The Liverpool man has a considerably higher tally of passes per game, makes more crosses, plays almost double the longer passes – usually his crossfield switches – and is comfortably higher in each of shots, key passes and dribbles of the ball each match.

Two goals and seven assists in the Premier League is high for a defender, but relatively low for Alexander-Arnold’s usual haul, while Trippier has six assists of his own and is yet to score in LaLiga this term.

Alexander-Arnold also added two assists in the Champions League this season.

Stylistic approach

The players very much represent their teams, in terms of what they offer on the pitch.

Alexander-Arnold is forward-thinking, a creative outlet, keen to press high upfield in support of the midfield and forward line and eager to get into the penalty box when the opportunity presents itself.

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Getty Images

Trippier is a more rigid defender, often tasked with stopping the cross first and foremost, while looking to join the counter-attack when possible – but to play direct and then support from the second line if not.

The younger of the two plays in a side which defends by attacking, dominates possession and looks to use the full-backs as outlets; Diego Simeone prefers to have a deeper, narrower block to his team which will then attack as a unit, maintaining shape and being ready to drop once possession is ceded.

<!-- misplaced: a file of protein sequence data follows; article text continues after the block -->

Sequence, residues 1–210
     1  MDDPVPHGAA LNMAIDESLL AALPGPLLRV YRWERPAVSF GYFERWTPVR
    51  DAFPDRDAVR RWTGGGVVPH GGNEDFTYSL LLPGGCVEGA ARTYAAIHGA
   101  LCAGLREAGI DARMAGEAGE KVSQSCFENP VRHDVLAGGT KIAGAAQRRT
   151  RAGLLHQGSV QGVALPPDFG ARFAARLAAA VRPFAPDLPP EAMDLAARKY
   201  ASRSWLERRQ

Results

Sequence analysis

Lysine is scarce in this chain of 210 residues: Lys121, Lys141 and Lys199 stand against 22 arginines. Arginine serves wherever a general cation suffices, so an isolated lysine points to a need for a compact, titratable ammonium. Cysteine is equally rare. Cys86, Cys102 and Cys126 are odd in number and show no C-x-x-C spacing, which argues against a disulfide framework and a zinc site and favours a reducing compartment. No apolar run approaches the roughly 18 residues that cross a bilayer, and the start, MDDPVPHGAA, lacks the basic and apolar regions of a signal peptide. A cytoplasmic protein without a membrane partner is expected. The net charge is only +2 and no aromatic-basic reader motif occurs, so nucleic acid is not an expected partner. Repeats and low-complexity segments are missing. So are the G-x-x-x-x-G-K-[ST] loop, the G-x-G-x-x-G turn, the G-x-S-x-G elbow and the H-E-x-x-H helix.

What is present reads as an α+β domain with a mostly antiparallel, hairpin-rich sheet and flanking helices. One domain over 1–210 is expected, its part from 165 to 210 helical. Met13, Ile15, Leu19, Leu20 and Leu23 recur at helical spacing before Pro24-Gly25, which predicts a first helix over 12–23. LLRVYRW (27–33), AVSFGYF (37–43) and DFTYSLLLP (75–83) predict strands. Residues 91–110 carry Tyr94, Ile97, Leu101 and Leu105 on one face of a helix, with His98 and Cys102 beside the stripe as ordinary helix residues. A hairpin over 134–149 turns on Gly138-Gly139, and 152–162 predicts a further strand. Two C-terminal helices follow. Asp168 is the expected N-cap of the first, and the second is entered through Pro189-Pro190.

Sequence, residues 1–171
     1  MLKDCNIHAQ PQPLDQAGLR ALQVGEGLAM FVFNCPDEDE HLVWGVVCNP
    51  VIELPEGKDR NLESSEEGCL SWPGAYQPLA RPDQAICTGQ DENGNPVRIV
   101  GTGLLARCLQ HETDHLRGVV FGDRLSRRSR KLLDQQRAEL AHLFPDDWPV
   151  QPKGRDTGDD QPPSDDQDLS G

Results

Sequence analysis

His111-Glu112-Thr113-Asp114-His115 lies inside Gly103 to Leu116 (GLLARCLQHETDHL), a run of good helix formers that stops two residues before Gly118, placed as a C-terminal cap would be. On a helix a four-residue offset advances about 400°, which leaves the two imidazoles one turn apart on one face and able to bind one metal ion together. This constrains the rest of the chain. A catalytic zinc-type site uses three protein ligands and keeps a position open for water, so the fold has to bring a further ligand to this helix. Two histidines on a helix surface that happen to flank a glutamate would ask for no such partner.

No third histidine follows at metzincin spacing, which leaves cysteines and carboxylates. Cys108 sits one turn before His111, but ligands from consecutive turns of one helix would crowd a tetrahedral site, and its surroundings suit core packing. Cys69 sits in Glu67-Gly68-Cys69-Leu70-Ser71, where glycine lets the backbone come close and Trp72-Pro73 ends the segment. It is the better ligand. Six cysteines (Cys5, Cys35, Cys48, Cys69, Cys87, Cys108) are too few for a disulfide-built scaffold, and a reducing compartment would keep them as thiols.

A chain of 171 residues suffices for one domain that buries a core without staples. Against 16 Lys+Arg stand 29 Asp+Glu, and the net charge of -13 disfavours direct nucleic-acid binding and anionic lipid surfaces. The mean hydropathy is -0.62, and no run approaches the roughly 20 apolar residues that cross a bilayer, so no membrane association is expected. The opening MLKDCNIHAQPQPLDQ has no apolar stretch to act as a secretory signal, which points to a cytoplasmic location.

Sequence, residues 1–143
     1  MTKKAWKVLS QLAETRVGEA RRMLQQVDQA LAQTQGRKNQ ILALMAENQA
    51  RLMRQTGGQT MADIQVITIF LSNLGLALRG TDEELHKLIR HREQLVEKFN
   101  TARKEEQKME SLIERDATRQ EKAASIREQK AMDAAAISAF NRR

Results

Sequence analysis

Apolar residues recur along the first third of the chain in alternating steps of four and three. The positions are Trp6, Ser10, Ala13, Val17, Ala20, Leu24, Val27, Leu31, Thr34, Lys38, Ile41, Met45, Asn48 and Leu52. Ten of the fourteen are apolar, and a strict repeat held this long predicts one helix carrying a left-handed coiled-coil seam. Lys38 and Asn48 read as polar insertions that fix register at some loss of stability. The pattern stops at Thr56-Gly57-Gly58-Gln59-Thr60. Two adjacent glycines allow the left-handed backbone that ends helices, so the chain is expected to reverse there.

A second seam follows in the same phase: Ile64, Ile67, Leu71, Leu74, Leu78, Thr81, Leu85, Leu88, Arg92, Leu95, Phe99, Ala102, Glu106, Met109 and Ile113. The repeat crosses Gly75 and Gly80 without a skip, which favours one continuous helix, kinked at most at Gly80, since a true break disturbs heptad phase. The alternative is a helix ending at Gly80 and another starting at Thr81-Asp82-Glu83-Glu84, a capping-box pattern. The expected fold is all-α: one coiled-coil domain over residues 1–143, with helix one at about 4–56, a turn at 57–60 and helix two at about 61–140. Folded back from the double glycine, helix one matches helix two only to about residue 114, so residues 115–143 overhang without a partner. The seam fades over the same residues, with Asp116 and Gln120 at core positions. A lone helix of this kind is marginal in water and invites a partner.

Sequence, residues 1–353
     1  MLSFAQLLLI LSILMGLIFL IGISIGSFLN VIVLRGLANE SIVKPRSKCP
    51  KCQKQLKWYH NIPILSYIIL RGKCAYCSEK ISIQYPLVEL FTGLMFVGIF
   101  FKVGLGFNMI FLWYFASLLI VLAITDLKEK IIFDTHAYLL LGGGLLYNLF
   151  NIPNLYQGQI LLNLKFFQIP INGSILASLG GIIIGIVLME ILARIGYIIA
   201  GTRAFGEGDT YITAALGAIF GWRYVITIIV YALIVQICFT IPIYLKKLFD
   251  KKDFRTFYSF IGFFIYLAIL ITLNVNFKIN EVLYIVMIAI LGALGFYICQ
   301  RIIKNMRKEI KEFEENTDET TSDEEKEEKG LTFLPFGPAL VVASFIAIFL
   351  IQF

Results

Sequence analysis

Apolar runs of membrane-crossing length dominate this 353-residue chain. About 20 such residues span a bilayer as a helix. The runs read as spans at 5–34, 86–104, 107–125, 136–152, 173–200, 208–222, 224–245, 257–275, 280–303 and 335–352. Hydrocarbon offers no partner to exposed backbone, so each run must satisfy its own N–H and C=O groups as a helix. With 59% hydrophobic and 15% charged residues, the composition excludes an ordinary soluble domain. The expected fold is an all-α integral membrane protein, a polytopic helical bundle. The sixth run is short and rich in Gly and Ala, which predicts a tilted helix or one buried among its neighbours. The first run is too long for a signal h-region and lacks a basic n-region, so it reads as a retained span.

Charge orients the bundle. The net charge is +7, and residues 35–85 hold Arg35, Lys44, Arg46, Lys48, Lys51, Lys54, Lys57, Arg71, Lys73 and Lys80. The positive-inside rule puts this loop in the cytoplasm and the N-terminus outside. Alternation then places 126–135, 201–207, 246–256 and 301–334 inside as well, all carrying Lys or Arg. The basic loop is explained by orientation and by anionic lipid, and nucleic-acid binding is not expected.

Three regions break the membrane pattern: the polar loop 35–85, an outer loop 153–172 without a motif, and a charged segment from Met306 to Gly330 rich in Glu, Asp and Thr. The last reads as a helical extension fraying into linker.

England don’t strictly play either of the two methods, rather being somewhere in between: not as passive as Atletico in the middle third, but certainly not as adventurous as Liverpool at their best with a relentless high press.

Both players are excellent set-piece options and can deliver from wide with consistency and accuracy, with the Liverpool man perhaps the better from crosses in open play.

England involvement

Trippier has more caps still, but did fall out of favour after the World Cup, playing just three of England’s next 10 games.

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Getty Images

He has worked his way back in though, playing the Nations League games against Belgium and Iceland in November and featuring in one of the three World Cup qualifiers during March.

Alexander-Arnold has largely been the opposite, playing plenty of the Euro 2020 qualifiers early on but making just one appearance for England across the nine games since September 2020.

He missed the November games with a calf injury.

Southgate’s dilemma

Usually, versatility would be a key factor too in picking a 23-man finals squad. That might not be as much of a factor this time around, but Trippier has played on the left for Southgate, while Alexander-Arnold has briefly featured in midfield for the Reds and is seen as possibly an ideal wing-back if England persist with three at the back.

Against that, Reece James played in central midfield at Championship level so knows the role, and has played on the right of Chelsea’s back three recently, too.

Kyle Walker has long been an established pick in that position for Southgate, filling that area at the World Cup when Trippier played right-wing back.

It seems improbable that all four will be picked, and the successful two or three could tell much about how the England manager plans his team will attack the European Championships.